Make Sure You Have a Strategy for Analytics
If your company is looking to improve your business with data analytics, you need to make sure you have a sound strategy for analytics. You need to capture data, store it efficiently, and then analyze it to gain insight. But how do you do this effectively? First, you need to understand why you're implementing a data analytics strategy in the first place. You should know why your organization is using analytics, so you can develop an approach that works for your company.
You should develop a roadmap that links you to Modern Analytics
solution to your overall business strategy. It should be flexible enough to scale as your organization grows and changes, while still supporting the core of your organization. Ideally, your analytics solution will focus on achieving the following three goals: finding alignment, solving a problem, and achieving an outcome. It should be easy to share and scale. It should also support your goals, rather than just automating repetitive processes.
Your company should not be afraid of the 'unsexy side' of analytics. After all, analytics is a means to competitive advantage, and you must excel at it if you want to succeed in the long run. While many companies are already integrating analytics into their operations, you can differentiate yourself by implementing a data management strategy that balances these two aspects. Once you know your analytics strategy, you can start integrating the data and building new products based on that data.
A good strategy starts with the fundamental question: What do you want to accomplish with the data you gather? Is it about making decisions or improving operations? Does it address a specific business need? Does it generate real value? To answer this question, identify business-critical challenges and questions. Gather the data to answer these questions. And once you've answered those questions, start building your analytics strategy. You'll be surprised how much your analytics strategy evolves.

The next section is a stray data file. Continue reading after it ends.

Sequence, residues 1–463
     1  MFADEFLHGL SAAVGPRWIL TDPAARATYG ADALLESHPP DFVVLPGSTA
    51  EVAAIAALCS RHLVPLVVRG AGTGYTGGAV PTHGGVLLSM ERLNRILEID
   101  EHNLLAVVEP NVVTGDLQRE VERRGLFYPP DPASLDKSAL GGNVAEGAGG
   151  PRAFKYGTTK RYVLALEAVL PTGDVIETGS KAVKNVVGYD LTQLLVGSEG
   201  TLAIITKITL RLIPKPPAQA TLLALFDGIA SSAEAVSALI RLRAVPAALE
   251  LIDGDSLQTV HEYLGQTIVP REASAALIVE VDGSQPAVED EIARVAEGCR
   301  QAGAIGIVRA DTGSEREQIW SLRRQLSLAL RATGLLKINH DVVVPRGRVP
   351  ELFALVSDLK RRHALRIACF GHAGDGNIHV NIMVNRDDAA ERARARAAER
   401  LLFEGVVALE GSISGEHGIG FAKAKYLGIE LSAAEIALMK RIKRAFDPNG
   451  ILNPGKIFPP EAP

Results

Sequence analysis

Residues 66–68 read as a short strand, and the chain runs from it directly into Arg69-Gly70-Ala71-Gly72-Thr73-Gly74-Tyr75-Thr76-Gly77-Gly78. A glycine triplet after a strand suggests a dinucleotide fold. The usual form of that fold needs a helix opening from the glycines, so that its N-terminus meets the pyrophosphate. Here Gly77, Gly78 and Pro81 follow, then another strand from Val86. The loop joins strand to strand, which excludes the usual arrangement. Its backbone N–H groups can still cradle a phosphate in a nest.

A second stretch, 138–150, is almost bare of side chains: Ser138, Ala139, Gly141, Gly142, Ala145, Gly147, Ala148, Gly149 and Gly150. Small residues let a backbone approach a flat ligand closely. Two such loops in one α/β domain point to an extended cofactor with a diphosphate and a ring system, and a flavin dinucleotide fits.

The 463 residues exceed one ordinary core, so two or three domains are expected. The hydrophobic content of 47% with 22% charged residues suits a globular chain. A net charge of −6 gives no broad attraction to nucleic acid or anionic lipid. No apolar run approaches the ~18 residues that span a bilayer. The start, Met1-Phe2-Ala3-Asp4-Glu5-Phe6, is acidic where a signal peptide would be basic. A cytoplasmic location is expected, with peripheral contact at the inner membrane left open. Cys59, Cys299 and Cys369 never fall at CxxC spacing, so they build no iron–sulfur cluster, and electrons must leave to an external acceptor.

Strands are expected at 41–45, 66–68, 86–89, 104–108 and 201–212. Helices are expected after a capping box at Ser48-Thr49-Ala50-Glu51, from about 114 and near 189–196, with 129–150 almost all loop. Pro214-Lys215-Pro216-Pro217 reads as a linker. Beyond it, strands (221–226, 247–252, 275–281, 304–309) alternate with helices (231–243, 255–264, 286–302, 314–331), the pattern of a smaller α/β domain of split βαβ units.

Analytical capabilities are fueled by people, governance, and technology. To be effective, an analytics strategy should be aligned with the rest of your business. A good strategy begins with a vision and coordination between IT and business leaders. It must include short-term goals that include clear milestones, crisp performance measurements, and a monitoring system. Ultimately, an analytics strategy should be geared toward business objectives, and not solely the implementation of new technology.
Data is a strategic asset. To make it useful to your business, you must have a sound data strategy. This includes identifying the data types you will need and the analytics techniques you'll use to extract business-critical insights. You can also build a data strategy to collect data and analyze it. Ultimately, it's the ability to leverage data to improve your business that drives data strategy. But there are still many challenges to be faced.